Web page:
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Posts Tagged ‘root canals’

Growing New Teeth from Dental Stem Cells?

In Dental Products on May 5, 2011 at 4:30 AM

According the always visible and mostly reliable Wikipedia, stem cells are biological cells found in all multicellular organisms, that can divide through mitosis and differentiate into diverse specialized cell types and can self-renew to produce more stem cells. In mammals, there are two broad types of stem cells: embryonic stem cells that are isolated from the inner cell mass of blastocysts, and adult stem cells that are found in various tissues.

Make sense?

Basically stem cells act as an internal repair system in our bodies, regenerating cells, tissue, and even organs. Although the science and research is still evolving, dental stem cells could represent a quantum leap in our normal everyday dental care.

In 2000, scientists with the National Institute of Health discovered stem cells in both baby teeth and wisdom teeth. The NIH also points out; dental stem cells are adult stem cells, not the controversial and often debated embryonic stem cells. In addition, dental stem cells are a lot easier to obtain and less invasive than bone marrow stem cells.

Will it be possible to actually grow a new healthy tooth to replace a missing one?

As reported  by a recent Provia Labs press release, although experiments in growing new teeth remain early-stage research, other applications of dental stem cells have already been demonstrated in human studies. These cells have been successfully used to regrow jawbone and treat periodontal disease.

One of the leaders in the world of dental stem cells is Dr. Paul Sharpe, a recent speaker at The First International Conference on Dental and Craniofacial Stem Cells that took place last week in New York City.

“In the future we envision,” explains Dr. Sharpe, “a patient who loses a tooth and wants a replacement will be able to choose between current methods and a biological-based implant—a new natural tooth—derived from the patient’s own dental stem cells.”

Store-A-Tooth™, a division of Provia Labs, goes on to mention how scientists and clinicians are investigating many additional uses for dental stem cells, from treating root canals to even regenerating whole new teeth. The earliest applications for dental stem cells are expected to be the repair of damaged tooth structures and craniofacial defects, bone regeneration, and possibly the treatment of neural tissue injury or degenerative diseases.

The Store-A-Tooth website goes on to mention how dental stem cells are also being studied as a way to help treat a number of medical diseases and conditions:

  • Diabetes
  • Spinal cord injury
  • Muscular dystrophy
  • Stroke
  • Myocardial infarction (heart attack)
  • Liver disease
  • Cornea repair
  • Parkinson’s disease
  • Alzheimer’s

Is this all too far away to imagine a practical application of dental stem cells?

Should we all start banking away our dental stem cells for future withdrawal?

How say you?

For more information about stem cells, visit the National Institutes of Health’s Stem Cell Information page at

Reception Area Entertainment or Education?

In Dental Care on March 31, 2011 at 4:30 AM

Some people prefer the calming effects a fish tank can have; others like to flip through the latest issue of People® or ESPN® magazines. Kids and younger generations are generally known for tapping away at their mobile phones every chance they get, the dental office isn’t any different.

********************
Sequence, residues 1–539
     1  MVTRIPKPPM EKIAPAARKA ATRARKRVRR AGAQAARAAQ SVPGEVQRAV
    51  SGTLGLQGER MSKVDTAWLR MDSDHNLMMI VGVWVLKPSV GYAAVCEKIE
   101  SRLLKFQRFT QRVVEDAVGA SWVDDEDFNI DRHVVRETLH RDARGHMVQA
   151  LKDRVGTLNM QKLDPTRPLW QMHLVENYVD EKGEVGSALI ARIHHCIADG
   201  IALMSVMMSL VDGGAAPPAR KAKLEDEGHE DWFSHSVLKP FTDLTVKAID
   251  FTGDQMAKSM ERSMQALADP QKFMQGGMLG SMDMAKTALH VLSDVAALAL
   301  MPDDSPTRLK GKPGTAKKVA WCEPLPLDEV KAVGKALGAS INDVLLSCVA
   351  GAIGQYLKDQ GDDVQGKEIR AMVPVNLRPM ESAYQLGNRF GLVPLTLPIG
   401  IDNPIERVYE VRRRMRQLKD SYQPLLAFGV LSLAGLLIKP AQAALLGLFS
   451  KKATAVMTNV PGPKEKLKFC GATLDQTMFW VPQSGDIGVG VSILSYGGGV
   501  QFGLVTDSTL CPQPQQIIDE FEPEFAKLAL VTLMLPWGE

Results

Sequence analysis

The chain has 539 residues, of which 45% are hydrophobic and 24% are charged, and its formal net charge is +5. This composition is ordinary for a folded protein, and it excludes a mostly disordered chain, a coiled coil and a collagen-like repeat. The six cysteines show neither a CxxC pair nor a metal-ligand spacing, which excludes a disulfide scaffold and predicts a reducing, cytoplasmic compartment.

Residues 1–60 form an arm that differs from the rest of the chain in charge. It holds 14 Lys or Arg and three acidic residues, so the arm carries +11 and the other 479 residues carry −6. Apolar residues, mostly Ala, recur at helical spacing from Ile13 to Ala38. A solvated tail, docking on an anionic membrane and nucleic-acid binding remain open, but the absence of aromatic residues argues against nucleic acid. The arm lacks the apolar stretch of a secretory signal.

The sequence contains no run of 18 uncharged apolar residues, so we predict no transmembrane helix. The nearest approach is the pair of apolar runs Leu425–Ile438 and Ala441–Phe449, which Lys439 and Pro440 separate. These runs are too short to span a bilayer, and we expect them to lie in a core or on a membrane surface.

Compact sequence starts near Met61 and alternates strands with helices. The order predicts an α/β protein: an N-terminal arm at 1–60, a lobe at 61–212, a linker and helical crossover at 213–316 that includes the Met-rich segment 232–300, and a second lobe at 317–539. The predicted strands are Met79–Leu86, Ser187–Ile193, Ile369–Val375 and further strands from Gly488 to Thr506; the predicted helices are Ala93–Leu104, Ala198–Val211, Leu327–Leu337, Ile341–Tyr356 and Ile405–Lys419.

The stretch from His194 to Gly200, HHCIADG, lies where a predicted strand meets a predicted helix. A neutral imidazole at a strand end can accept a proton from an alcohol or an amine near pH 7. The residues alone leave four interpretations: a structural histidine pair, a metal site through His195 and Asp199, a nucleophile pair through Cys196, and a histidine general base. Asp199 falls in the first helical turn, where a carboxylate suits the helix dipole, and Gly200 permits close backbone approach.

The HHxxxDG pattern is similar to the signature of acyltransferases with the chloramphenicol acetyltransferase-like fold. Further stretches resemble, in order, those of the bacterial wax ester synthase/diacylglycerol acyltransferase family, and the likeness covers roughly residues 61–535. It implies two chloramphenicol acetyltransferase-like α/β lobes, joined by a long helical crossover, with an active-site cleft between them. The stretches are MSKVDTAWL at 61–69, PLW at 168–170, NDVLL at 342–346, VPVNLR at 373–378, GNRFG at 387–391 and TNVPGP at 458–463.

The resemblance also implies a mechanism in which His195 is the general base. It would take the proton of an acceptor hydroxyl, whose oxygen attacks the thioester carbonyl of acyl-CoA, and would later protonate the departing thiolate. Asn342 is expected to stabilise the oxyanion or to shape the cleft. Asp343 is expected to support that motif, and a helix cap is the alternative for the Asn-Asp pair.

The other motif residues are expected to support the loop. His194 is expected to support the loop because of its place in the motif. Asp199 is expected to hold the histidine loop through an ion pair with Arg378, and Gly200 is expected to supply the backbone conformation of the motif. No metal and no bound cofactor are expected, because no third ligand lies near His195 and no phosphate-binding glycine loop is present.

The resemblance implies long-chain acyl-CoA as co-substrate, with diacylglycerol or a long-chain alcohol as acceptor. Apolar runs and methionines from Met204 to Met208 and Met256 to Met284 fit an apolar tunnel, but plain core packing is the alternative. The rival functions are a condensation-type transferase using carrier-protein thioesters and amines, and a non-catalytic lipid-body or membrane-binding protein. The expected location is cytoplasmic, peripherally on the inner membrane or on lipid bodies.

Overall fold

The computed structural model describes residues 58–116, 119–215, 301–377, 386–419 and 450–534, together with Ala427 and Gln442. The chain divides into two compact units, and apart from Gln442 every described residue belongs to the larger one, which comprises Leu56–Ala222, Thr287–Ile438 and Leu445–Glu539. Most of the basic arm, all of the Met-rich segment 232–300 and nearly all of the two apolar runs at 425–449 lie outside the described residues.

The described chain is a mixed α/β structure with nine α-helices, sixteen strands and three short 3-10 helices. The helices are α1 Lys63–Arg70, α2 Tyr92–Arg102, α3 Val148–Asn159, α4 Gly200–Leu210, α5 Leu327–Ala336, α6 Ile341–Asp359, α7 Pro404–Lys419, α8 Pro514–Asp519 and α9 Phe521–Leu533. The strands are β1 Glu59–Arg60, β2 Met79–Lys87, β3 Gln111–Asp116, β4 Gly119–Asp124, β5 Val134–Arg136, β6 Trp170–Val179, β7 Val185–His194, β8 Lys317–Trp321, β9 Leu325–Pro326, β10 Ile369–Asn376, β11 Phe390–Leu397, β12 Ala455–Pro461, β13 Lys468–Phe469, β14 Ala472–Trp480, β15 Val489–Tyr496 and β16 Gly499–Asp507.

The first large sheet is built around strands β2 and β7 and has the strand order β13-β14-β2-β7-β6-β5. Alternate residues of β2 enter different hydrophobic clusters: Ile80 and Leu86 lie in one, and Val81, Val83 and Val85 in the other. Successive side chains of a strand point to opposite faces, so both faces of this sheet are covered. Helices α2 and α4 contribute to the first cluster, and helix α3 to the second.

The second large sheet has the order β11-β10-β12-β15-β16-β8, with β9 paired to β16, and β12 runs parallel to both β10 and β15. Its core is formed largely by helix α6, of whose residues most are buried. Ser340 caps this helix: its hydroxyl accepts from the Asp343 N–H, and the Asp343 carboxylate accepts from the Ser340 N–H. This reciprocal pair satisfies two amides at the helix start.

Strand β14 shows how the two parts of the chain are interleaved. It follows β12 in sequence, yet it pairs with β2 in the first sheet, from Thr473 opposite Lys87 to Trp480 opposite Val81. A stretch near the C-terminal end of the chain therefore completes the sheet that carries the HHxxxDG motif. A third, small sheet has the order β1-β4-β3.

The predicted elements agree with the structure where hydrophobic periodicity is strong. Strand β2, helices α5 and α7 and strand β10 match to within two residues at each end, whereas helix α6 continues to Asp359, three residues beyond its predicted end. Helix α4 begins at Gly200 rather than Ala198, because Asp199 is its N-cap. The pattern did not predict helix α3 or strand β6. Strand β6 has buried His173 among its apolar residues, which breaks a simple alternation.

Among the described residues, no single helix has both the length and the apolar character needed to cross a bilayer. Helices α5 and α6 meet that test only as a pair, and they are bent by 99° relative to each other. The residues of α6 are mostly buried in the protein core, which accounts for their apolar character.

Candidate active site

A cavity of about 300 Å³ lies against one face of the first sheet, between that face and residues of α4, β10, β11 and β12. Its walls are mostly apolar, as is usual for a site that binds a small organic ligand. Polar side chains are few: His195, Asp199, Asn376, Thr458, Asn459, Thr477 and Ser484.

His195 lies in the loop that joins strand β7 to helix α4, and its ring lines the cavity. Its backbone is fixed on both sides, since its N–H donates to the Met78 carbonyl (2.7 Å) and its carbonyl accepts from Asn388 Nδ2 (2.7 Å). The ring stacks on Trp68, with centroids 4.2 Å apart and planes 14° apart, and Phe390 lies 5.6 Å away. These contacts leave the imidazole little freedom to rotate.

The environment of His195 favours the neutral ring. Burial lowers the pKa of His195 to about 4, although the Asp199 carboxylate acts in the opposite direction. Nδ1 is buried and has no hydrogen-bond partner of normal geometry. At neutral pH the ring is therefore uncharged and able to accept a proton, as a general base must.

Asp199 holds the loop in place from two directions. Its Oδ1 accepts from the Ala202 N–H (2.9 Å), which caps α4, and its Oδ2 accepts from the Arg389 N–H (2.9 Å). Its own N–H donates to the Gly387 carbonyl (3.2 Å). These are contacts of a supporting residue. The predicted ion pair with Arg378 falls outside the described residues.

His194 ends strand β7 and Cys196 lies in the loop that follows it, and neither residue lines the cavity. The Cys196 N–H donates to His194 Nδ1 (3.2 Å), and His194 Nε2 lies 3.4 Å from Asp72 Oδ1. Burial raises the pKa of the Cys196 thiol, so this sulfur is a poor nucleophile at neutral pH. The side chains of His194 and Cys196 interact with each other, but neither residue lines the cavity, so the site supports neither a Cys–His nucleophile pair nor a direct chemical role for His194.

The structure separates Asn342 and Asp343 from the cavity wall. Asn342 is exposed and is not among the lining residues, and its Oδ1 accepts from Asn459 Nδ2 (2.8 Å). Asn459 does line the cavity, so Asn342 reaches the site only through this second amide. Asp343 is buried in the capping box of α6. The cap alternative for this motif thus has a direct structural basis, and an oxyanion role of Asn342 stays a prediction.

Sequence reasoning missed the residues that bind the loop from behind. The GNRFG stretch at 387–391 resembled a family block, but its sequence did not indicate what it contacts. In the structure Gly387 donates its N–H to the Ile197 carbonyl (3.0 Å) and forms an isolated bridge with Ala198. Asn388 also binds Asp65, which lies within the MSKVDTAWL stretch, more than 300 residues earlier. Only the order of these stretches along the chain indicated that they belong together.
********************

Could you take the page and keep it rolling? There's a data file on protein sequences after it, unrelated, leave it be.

It is only the kids thumbing their phones, right?

Whether it’s pop culture, politics, sports, or hobbies, mobile phones are quickly becoming everyone’s media consumption mode of choice. Maybe a mobile app of a fish tank would be popular. Picture it; we walk into the dental office for our thrice yearly appointment, check-in at the reception desk, and rush to go pull up the latest greatest virtual fish tank. Then the fun begins, staring at fake fish on a 3” screen… ahh, the beginnings of a truly sublime dental experience.

We can do better.

Lots of dental practices have already taken the patient experience to a whole new level. Some reception areas have transformed from dental office to a high tech electronic showroom. Flat screen HD TVs, video gaming consoles for the kids, even a Xoom® or iPad® in the reception area, have all been reported.

The video games are only for the kids, right?

That’s all well and good for the news or entertainment fix, but what about the reason we’re at the dentist in the first place, isn’t it possible to communicate and absorb some important (if not entertaining) dental health information?

The ADA recently released Toothflix, a DVD patient education series aimed at letting us know what’s going on in our mouths, popular cosmetic options, and the oral connection to our overall health. The videos can also assist in explaining complicated treatments such as root canals, scaling and root planing, dental implants, or tooth extractions.

Research continues to yield results, and treatment methods continue to evolve as both technology and information present a clearer picture of optimum oral health. We can’t possibly keep up with everything, it’s up to the people we trust with our health care to disseminate and divulge the important information. The reception area, not to mention the chair, is where we can absorb that important dental health info. Will you tune in or out?

No matter what the dental office reception area evolves into, one thing can be certain. Dental patients will determine what stays and what goes. Share some of your reception area ideas and photos, the holographic fish tank wall accoutrement we’re developing is taking longer than expected and we’d like the help. You never know, your idea could be the next quantum leap in dental reception area entertainment and education – like the virtual fish tank app!